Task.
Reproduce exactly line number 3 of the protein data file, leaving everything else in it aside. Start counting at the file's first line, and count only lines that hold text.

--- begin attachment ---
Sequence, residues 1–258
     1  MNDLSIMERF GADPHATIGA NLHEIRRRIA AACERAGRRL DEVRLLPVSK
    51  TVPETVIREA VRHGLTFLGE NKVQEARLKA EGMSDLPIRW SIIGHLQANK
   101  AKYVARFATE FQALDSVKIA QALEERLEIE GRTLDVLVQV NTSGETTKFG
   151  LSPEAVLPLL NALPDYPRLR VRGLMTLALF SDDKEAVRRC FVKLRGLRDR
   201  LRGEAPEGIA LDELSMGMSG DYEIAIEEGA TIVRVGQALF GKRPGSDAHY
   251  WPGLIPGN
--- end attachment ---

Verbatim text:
    51  TVPETVIREA VRHGLTFLGE NKVQEARLKA EGMSDLPIRW SIIGHLQANK